Physician: American Children ‘Immersed in a Culture of Disrespect’

Annie Holmquist | December 27, 2016 | 594,516

Physician: American Children ‘Immersed in a Culture of Disrespect’

Let’s face it. Almost every child has likely had some type of meltdown in public, causing great embarrassment to both the child’s parent and to other witnesses in the vicinity. But while such disrespectful behavior is embarrassing at age two, it’s downright horrifying the older a child gets.

Dr. Leonard Sax recently experienced one of these horrifying displays of disrespect in his medical practice. He describes the scenario in a recent edition of The Wall Street Journal:

“Kyle was absorbed in a videogame on his cellphone, so I asked his mom, ‘How long has Kyle had a stomach ache?’ Mom said, ‘I’m thinking it’s been about two days.’ Then Kyle replied, ‘Shut up, mom. You don’t know what you’re talking about.’ And he gave a snorty laugh, without looking up from his videogame. Kyle is 10 years old.”

Unfortunately, such behavior is no longer an anomaly, as Dr. Sax goes on to explain:

"I have been a physician for 29 years. This sort of language and behavior from a 10-year-old was very rare in the 1980s and 1990s. It would have been unusual a decade ago. It is common today. America’s children are immersed in a culture of disrespect: for parents, teachers, and one another. They learn it from television, even on the Disney Channel, where parents are portrayed as clueless, out-of-touch or absent. They learn it from celebrities or the Internet. They learn it from social media. They teach it to one another. They wear T-shirts emblazoned with slogans like ‘I’m not shy. I just don’t like you.’”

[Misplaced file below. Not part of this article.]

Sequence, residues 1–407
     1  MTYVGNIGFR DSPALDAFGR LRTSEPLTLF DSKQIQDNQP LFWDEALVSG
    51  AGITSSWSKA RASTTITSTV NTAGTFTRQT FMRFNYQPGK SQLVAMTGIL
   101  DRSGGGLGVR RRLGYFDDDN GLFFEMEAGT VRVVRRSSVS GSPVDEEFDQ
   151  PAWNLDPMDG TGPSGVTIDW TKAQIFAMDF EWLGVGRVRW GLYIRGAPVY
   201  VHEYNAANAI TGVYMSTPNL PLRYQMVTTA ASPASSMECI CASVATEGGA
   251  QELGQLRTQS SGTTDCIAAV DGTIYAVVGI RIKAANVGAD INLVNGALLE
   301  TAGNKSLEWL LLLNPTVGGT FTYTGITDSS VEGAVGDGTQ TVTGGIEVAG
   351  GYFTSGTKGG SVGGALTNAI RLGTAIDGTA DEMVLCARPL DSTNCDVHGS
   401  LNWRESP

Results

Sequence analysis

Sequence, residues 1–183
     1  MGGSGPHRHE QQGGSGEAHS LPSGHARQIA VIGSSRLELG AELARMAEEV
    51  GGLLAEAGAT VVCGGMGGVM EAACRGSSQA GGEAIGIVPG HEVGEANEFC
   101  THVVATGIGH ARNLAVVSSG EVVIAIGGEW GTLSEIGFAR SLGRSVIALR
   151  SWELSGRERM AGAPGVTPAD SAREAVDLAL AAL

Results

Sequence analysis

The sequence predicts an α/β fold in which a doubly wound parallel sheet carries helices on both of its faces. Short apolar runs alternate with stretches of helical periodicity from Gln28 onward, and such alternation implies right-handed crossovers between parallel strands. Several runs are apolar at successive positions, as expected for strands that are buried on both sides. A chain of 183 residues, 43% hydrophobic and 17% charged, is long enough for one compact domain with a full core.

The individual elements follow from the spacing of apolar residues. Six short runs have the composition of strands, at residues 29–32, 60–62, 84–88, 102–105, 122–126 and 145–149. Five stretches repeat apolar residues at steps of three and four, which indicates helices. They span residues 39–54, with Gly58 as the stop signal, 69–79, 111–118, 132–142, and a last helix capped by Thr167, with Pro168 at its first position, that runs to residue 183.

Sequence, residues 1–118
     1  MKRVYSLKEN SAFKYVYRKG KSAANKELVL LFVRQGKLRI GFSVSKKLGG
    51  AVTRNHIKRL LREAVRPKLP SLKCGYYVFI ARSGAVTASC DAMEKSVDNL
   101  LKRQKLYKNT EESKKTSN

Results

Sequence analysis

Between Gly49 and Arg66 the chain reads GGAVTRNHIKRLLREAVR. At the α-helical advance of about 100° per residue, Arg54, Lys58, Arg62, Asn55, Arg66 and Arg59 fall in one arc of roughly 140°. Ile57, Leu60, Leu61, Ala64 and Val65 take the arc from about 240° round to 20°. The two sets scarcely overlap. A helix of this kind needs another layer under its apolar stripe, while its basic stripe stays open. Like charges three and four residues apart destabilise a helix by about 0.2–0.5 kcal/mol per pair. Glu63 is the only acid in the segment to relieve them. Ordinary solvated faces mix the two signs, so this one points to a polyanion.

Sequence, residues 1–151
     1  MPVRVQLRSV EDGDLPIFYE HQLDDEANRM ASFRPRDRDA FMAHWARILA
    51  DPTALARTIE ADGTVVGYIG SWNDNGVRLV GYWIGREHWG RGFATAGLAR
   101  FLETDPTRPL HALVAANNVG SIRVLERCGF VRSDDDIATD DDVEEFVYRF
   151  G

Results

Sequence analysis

(RELATED ARTICLE: "Doctor Nails the Problem with American Parenting")
 

But while disrespectful children have become the norm, Dr. Sax has found that respectful, obedient children still exist out there, largely because there are still a few parents who practice authoritative parenting. And according to Dr. Sax, it’s not too late for parents to change course and start instilling respect in their children. His recommendations for doing so are summarized in the following three points:

1. Put the family before the child.

“Prioritize the family. The family meal at home is more important than piling on after-school extracurricular activities. Instead of boosting self-esteem, teach humility.”

2. Remove distractions.

“[N]o screens when you are with your child. Put your cellphone away. No electronic devices at the dinner table. Teach the art of face-to-face conversation.”

3. Draw a line in the sand, and don’t look back.

“If you’re going to make a change, don’t be subtle. New Year’s Day is as good a time as any to sit down with your children and explain that there are going to be some changes in this household: changes in how we talk, in how we behave, in how we treat one another.”

Americans have tried the kinder, gentler, let-me-be-your-friend approach to parenting for the last several decades. If the behavior problems in schools and the heightened level of sensitivity on college campuses are any indication, this parenting approach hasn’t produced the positive outcomes we were hoping for. Is it time for today’s parents to reverse course and begin teaching their children to respect others first instead of their own little selves?



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